Conference focuses on state of young black men


Thursday afternoon /*North Carolina Central University*/ held a conference focusing on the state of the young black male.

"We absolutely positively need to have anti-gang legislation passed by the general assembly," Judge Craig Brown said as he presided over the first appearance for /*Lawrence Lovette*/.

Lovette is one of two black men accused in the brutal slaying of /*UNC*/ student /*Eve Carson*/.

Some hope new rules will prevent similar murders in the future, but there's a different approach.

Thursday's forum, sponsored by NCCU, offers a different take on /*gang violence*/.

"The reality is they have probably committed a crime and it is too often that we see this in our community and we have to begin as a community to come together with answers to resolve this," NCCU Law Professor Raymond Pierce said.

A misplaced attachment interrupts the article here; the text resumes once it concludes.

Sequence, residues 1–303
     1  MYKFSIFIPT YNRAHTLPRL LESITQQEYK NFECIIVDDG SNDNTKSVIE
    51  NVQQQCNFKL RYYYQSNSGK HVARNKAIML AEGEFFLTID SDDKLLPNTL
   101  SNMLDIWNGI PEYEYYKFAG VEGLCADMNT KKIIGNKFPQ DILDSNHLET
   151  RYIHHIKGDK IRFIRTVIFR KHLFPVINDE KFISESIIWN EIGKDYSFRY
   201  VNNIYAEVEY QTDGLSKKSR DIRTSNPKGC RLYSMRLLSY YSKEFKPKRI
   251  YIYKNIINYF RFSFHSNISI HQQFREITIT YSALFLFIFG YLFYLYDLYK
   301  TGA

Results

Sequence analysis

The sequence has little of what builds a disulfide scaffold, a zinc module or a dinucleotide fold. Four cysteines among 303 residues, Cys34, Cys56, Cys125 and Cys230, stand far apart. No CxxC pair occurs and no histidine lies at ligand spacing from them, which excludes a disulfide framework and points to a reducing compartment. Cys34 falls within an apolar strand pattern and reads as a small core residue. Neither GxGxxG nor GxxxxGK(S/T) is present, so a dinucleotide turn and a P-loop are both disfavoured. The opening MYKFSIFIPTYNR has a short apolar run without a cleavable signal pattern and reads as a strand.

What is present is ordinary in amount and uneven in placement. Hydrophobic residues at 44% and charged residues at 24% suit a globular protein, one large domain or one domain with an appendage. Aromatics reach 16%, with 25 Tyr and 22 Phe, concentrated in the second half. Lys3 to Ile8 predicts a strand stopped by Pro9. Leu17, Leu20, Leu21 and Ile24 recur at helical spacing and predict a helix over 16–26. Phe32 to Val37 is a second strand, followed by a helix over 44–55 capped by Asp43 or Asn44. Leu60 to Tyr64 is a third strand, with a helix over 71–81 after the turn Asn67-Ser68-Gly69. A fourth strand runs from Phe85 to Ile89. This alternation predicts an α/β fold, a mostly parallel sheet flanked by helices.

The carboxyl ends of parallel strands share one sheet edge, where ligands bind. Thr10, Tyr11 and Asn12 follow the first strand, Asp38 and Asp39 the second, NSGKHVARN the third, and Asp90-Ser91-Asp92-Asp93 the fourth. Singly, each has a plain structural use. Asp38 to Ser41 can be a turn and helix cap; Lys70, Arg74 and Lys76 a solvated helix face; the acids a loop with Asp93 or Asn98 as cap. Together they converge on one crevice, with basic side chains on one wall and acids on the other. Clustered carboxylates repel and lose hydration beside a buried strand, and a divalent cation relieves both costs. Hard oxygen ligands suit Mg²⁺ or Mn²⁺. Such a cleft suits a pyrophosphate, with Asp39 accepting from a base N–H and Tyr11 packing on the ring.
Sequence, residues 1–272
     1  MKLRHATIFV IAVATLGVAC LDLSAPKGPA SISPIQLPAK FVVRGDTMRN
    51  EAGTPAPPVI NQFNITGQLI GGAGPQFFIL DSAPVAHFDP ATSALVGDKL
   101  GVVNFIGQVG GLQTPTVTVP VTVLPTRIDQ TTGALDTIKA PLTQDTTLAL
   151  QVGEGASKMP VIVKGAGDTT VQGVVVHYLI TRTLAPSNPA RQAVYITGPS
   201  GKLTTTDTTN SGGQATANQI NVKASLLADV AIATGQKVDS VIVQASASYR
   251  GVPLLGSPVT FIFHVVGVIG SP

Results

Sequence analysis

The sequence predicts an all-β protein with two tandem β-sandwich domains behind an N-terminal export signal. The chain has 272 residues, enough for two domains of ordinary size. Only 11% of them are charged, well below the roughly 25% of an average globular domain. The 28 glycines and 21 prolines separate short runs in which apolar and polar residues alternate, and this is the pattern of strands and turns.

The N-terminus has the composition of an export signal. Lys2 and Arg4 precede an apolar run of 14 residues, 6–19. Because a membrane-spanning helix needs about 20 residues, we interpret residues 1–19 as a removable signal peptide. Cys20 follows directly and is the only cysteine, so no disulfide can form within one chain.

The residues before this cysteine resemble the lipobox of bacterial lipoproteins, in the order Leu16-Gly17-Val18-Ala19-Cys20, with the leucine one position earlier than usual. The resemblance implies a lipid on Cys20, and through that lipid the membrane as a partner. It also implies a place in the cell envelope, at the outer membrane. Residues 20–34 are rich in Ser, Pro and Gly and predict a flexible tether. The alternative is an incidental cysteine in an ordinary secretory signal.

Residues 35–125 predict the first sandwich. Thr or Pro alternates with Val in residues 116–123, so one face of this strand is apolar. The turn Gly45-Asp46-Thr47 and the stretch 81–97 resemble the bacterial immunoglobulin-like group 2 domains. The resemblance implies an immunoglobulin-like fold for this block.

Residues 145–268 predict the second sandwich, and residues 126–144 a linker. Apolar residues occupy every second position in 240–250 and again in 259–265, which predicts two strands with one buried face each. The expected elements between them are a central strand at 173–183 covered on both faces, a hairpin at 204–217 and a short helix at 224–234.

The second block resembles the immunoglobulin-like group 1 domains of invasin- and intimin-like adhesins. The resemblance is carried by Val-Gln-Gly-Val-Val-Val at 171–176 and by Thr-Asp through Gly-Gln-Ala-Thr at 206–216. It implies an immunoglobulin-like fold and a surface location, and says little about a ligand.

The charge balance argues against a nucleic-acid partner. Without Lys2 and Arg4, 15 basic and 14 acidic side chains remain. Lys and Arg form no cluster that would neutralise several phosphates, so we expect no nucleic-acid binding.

But with gang violence on the rise across the state, some argue the community has dropped the ball. So a call is going out to families to keep young African-Americans in school and out of gangs.

"What nation of people in the history of our world have not been able to regulate themselves?" Pierce asked. "If we don't regulate ourselves, somebody else will. Whether its the police or the judicial system or whatever. And that's not what you want."

Carson's murder has drawn national attention and with the two suspects under investigation for gang affiliation, the conference aims to get another message out. That while there are problems, /*James Atwater*/ and Lawrence Lovette are the exception.

"This does not represent the majority of our young black men," Pierce said. "It doesn't represent the majority of our people."

A recent study found there are more than 1,000 active gang members in the Bull City.

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